RECOMMENDED FOR FULL-TEXT PUBLICATION Pursuant to Sixth Circuit I.O.P. 32.1(b) File Name: 19a0158p.06 UNITED STATES COURT OF APPEALS FOR THE SIXTH CIRCUIT LAMONT BERNARD HEARD, WILLIAM M. JOHNSON, JAMERO T. MOSES, ANTHONY LEE NELSON, Plaintiffs-Appellants, > v. TOM FINCO, Defendant, and BRAD PURVES, Dietician and Food Service Manager, Defendant-Appellee. No. 18-2371 Appeal from the United States District Court for the Western District of Michigan at Grand Rapids. No. 1:13-cv-00373—Gordon J. Quist, District Judge. Decided and Filed: July 15, 2019 Before: GUY, THAPAR, and NALBANDIAN, Circuit Judges. _________________ COUNSEL ON BRIEF: Daniel Manville, CIVIL RIGHTS CLINIC, MICHIGAN STATE UNIVERSITY COLLEGE OF LAW, East Lansing, Michigan, for Appellants. Patrick S. Myers, MICHIGAN ATTORNEY GENERAL’S OFFICE, Lansing, Michigan, for Appellee. No. 18-2371 Heard, et al. v. Finco, et al. Page 2 _________________ OPINION _________________ THAPAR, Circuit Judge. “[G]odliness has value for all things.” 1 Timothy 4:8. But how do you quantify that value? See Quran 83:1 (M.A.S. Abdel Haleem trans., 2004) (“Woe to those who give short measure!”). In our legal system, we typically let the jury decide. And in this case, a jury determined that four Muslim inmates collectively suffered $900 in damages when prison officials did not provide them with adequate meals during Ramadan to accommodate their fasting. The inmates claim that the jury ignored the spiritual harms they suffered in making this calculation. The district court disagreed, and we affirm. I. Lamont Heard, William Johnson, Jamero Moses, and Anthony Nelson have at least two things in common: they all belong to the Nation of Islam, and they all are inmates in Michigan prisons. These two commonalities collided when the inmates wanted to observe Ramadan. Muslims around the world celebrate Ramadan as “the month in which the Islamic Holy Book, the Quran, was revealed.” R. 370, Pg. ID 2922. Typically, Muslims commemorate Ramadan by fasting the entire month; they neither eat nor drink “from dawn to sunset.” Id. Prison, however, makes that practice a challenge. At first, Michigan prisons provided Muslim inmates with one-and-a-half breakfast and dinner portions during Ramadan to accommodate their fasting. But that changed in 2009. That year, Muslim inmates noticed they were getting less food than usual during their meals. Less food meant fewer calories, and fewer calories made observing Ramadan more difficult. With fewer calories, Muslim inmates had a hard time concentrating on spiritual activities such as prayer and Quran readings. So the inmates sent a proposal to the Michigan Department of Corrections to rectify the issue. But prison officials refused to deviate from the “regular statewide menu.” R. 370-1, Pg. ID 3069–70. They essentially told the inmates that their problems were their own fault; the regular menu was fine, and the inmates were not receiving the same caloric intake as usual because they were fasting. No. 18-2371 Heard, et al. v. Finco, et al. Page 3 Frustrated by this response, the four inmates sued various prison officials. The inmates alleged that the officials violated the First and Eighth Amendments. A jury agreed and awarded damages: $150 for each Ramadan the prison officials disrupted. So Moses and Johnson received $150 each to compensate injuries suffered in 2012, while Heard and Nelson received a total of $300 each for injuries suffered in both 2011 and 2012. Collectively, then, the inmates received $900 in compensatory damages. Thinking this amount too low, the inmates filed a motion requesting a new trial on damages. The district court denied the motion because it found that the jury could have reached its conclusion based on the evidence. The inmates appealed. II. On appeal, the prison officials do not dispute that they violated the inmates’ constitutional rights. Instead, this appeal involves how much compensation the inmates should have received as a result of those violations. More precisely, we review whether the district court abused its discretion in denying the inmates’ motion for a new trial on damages. Anchor v. O’Toole, 94 F.3d 1014, 1021 (6th Cir. 1996). We will reverse the district court’s decision only if the inmates “unquestionably” proved that they deserved more damages through “uncontradicted” and “undisputed” evidence. Id. But so long as “the verdict is supported by some competent, credible evidence,” the district court did not abuse its discretion. Walker v. Bain, 257 F.3d 660, 674 (6th Cir. 2001) (emphasis added). The jury’s damages award was justified by the evidence in front of them, and the inmates did not “unquestionably” show that they were entitled to more. Anchor, 94 F.3d at 1021. At trial, the jury found that the inmates suffered spiritual injuries. The jury based this finding on the evidence, including the inmates’ testimony that they could not focus on prayer and Quran readings because they were hungry and frustrated with the lack of food. But, unlike economic injuries, spiritual injuries are hard to quantify. Breach-of-contract damages easily line up with dollar amounts; distraction-from-prayer damages do not. See Walker, 257 F.3d at 674; Richmond v. McElyea, No. 3-88-327, 1990 WL 303955, at *10 (E.D. Tenn. Aug. 10, 1990) (“[T]he calculation of the exact amount of damages sufficient to compensate . . . for a No. 18-2371 Heard, et al. v. Finco, et al. Page 4 constitutional injury is necessarily unscientific and inexact . . . .”). So courts generally let the jury decide how much money a plaintiff should receive when he has suffered such “subjective injuries.” Walker, 257 F.3d at 674; see also King v. Zamiara, 788 F.3d 207, 215 (6th Cir. 2015) (“No formula exists to determine with precision compensatory damages. The amount is left to the sound discretion of the fact finder.” (quoting Smith v. Heath, 691 F.3d 220, 227 (6th Cir. 1982))). A jury sifts through the evidence and chooses what weight to give each piece. Walker, 257 F.3d at 674. And again, its determination need only be “supported by some competent, credible evidence.” Id. Here, the jury heard the inmates’ testimony and saw their medical records. The inmates also had two experts—a nutritionist and an Islamic studies scholar—testify about the harms (both physical and spiritual) that the inmates suffered. The jury weighed all this evidence and concluded that each inmate suffered $150 worth of harm for each Ramadan the prison officials disrupted. The district court had no good reason to second-guess this determination, and neither do we. See Wayne v. Vill. of Sebring, 36 F.3d 517, 525 (6th Cir. 1994) (holding that “the trial court should deny [a motion for a new trial on damages] if the verdict is one that reasonably could be reached, regardless of whether the trial judge might have reached a different conclusion were he the trier of fact”); see also McDonald v. Petree, 409 F.3d 724, 731 (6th Cir. 2005) (noting that witness credibility—including experts—is “solely within the jury’s province” (quoting United States v. L.E. Cooke Co., 991 F.2d 336, 343 (6th Cir. 1993))). The inmates argue that the district court downplayed their spiritual injuries and instead placed a premium on medical records and psychological evaluations. When the district court denied the inmates’ motion for a new trial on damages, it noted that “the jury could have reasonably concluded, based on [the inmates’] lack of medical or psychological treatment, that [the inmates’] injuries for the First Amendment violations were not as severe as they claimed.” R. 356, Pg. ID 2707. In making this observation, however, the district court was not devaluing the inmates’ evidence about spiritual harms. Indeed, it coupled that observation with another one: “damages for interference with an individual’s freedom to practice his religion extend beyond purely physical injury.” Id. And, earlier during trial, the court had already made that clear to the jury. When the jury asked the court what “is considered an injury” and specifically No. 18-2371 Heard, et al. v. Finco, et al. Page 5 whether spiritual harms counted, the court told the jury that it could consider both “tangible and intangible” harms. R. 349, Pg. ID 2672–74. So the district court did not downplay the inmates’ spiritual injuries. Nor did it require that the inmates submit medical records to substantiate those injuries. Rather, the court merely noted that objective evidence (like medical records) might have helped the jury reach a higher damages calculation. That makes sense: medical records usually have corresponding dollar amounts that spiritual harms do not. Without such concrete, objective evidence, the district court had no room to disagree with the value that the jury assigned to the inmates’ spiritual damages. See Walker, 257 F.3d at 674. Nor do we. We affirm.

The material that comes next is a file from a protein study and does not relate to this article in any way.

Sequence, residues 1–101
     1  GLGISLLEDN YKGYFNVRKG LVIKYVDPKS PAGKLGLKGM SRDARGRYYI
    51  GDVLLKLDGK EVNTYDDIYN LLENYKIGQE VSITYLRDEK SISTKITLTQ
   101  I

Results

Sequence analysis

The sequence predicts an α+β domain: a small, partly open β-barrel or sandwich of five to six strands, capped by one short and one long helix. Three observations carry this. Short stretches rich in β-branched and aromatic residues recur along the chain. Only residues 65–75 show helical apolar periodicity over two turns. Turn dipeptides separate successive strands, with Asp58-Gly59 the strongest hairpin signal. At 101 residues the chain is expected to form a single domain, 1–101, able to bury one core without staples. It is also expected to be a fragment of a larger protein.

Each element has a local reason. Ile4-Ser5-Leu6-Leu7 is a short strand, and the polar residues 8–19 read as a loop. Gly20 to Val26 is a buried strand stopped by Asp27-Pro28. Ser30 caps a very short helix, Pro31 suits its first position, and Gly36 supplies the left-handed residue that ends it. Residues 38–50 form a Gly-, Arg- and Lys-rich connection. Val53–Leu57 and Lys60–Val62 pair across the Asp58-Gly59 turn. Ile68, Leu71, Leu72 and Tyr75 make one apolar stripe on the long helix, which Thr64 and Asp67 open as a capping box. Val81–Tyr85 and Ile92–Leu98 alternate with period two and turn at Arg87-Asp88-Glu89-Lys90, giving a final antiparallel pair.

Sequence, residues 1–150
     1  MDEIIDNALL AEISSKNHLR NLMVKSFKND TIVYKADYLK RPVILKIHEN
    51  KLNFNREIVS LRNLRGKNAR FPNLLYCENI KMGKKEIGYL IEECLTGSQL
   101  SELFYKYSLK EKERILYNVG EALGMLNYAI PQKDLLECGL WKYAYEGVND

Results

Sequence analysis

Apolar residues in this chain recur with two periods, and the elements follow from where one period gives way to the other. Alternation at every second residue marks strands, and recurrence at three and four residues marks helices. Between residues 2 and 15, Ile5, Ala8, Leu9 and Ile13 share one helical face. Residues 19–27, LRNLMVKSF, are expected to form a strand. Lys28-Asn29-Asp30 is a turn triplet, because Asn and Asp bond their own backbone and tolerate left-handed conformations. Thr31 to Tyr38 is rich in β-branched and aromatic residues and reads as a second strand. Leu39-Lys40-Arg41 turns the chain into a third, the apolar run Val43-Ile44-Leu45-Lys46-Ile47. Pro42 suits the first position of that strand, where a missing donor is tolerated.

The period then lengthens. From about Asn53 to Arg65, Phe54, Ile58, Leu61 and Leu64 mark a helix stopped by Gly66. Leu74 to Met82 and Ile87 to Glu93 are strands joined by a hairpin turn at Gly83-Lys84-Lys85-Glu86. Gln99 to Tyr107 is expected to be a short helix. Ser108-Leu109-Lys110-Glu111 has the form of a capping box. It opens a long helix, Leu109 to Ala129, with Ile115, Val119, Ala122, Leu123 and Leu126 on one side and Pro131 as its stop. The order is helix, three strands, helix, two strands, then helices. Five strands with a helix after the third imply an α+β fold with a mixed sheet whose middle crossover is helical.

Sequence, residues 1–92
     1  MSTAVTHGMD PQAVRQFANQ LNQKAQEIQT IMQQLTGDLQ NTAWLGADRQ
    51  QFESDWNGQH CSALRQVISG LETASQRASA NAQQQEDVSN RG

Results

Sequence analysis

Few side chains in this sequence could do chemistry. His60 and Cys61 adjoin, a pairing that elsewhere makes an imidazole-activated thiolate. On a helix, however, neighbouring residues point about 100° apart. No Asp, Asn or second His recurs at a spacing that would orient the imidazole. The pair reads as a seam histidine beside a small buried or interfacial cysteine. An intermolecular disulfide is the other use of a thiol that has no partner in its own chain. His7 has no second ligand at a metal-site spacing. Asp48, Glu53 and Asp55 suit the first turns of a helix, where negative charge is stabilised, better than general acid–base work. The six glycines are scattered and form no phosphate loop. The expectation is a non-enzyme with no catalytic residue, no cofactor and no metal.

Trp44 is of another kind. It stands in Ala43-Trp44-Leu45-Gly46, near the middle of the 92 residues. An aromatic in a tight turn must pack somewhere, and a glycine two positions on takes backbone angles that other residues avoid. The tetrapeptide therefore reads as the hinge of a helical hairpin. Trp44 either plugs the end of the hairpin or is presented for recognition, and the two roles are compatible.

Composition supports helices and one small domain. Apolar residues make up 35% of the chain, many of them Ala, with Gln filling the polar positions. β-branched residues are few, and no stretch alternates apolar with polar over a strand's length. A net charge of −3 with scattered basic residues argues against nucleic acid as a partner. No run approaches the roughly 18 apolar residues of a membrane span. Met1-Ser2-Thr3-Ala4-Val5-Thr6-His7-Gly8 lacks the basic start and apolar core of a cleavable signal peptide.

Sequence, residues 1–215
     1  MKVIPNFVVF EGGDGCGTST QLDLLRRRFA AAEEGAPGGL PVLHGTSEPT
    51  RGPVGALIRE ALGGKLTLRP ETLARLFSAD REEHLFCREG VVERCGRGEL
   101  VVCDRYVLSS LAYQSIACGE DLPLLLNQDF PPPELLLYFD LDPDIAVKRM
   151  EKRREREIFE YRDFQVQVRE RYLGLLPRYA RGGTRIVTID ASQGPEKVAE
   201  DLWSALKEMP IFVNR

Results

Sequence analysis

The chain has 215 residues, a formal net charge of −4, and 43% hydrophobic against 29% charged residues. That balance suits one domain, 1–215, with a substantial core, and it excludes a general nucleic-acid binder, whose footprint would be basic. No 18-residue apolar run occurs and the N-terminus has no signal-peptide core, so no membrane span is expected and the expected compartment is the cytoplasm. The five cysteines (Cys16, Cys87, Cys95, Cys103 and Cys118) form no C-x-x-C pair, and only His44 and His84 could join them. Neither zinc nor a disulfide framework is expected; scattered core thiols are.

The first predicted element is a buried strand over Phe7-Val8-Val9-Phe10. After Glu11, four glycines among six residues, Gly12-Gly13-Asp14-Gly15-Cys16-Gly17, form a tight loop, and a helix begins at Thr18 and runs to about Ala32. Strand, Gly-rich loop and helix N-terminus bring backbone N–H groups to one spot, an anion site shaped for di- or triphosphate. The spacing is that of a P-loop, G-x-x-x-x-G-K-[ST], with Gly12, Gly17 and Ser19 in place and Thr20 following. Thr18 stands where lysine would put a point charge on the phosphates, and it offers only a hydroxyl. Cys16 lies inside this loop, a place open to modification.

Primary Holding

Sixth Circuit upholds an award of $150 per inmate, for each Ramadan disrupted, based on the prison's failure to provide them with adequate meals during Ramadan to accommodate their fasting.

Disclaimer: Justia Annotations is a forum for attorneys to summarize, comment on, and analyze case law published on our site. Justia makes no guarantees or warranties that the annotations are accurate or reflect the current state of law, and no annotation is intended to be, nor should it be construed as, legal advice. Contacting Justia or any attorney through this site, via web form, email, or otherwise, does not create an attorney-client relationship.